Makeshift solutions can be adequate but excellence inspires real creativity.
Excellence does not necessarily require costly or impossibly clever resources. Watching creative solutions to problems in poor countries can be educational. For instance, a large truck must be transported across a lake. The truck is too wide and heavy for any available barge. The makeshift solution is to drive the truck onto two barges, which carry it, side-by-side, across the water. A better solution, requiring creative common sense, would be to securely connect the two barges, using stable materials, before loading the truck. (Happily, truck and barges made the journey without mishap.)
I enjoy watching the movie-making process documentaries found on fantasy and sci-fi dvds, especially ‘Avatar’ (James Cameron) or ‘Lord of the Rings’ and ‘The Hobbit’ (Peter Jackson); in pursuing excellence the movie makers sought the best of the best, whether in exploring technical development or creating detailed sets, costumes and lifestyles – excellence that has paid for itself many times over. (Weta Workshop and Weta Digital were used by both directors; I highly recommend visiting the Weta website, or better still, Weta Cave in Miramar and Hobbiton, near Matamata, NZ, for a huge injection of excellence in creative thinking.)
Perfection demands a mastery of detail. ‘Making do’ works as a temporary, emergency fix in limited circumstances but is never a long-term solution; for real credibility, in movies, art, writing or any other endeavour, truth is in the details – and so is credibility. When detail is swept aside, any relationship to reality goes with it.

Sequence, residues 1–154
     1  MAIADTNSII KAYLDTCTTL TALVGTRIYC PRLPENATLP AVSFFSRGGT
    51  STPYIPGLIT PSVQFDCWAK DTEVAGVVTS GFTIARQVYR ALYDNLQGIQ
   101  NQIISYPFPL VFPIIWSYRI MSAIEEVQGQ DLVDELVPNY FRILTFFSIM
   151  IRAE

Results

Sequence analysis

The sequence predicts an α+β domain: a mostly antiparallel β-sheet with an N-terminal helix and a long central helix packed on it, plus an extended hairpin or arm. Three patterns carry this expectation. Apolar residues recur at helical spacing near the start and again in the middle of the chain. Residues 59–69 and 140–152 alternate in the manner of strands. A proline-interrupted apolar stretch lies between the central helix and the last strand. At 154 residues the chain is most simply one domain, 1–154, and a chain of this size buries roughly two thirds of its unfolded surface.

Story-tellers of fantasy must build a complete and believable world for their characters. Relying on what we know from our daily lives is insufficient for other-worldly experiences. With creativity comes consistency; fantasy worlds have to make sense; fantasy cultures must be believable; fantasy creations must work, not just ‘look good’; both terms and time-lines have to mesh. This requires attention to details even when no one else cares.
Consider the natural creation in all its glorious, infinite detail! A tree has thousands of leaves, all with the same function, yet none are identical. Describing a forest, for example, involves not just seeing trees but experiencing their scents, sounds and taste, their textures and temperature and colours, their relationship to time and latitude, all their moods and niche environments, and how they responds to weather or fire or flood or the lives they shelter or even the nature of those who merely pass through them.
What we imagine is triggered by what we already know; what we create expands on that, sometimes exponentially, and steps off the trail of normality into the vast unknown; and therein, my friends, lies excellence.Excellence-Inspired Fantasy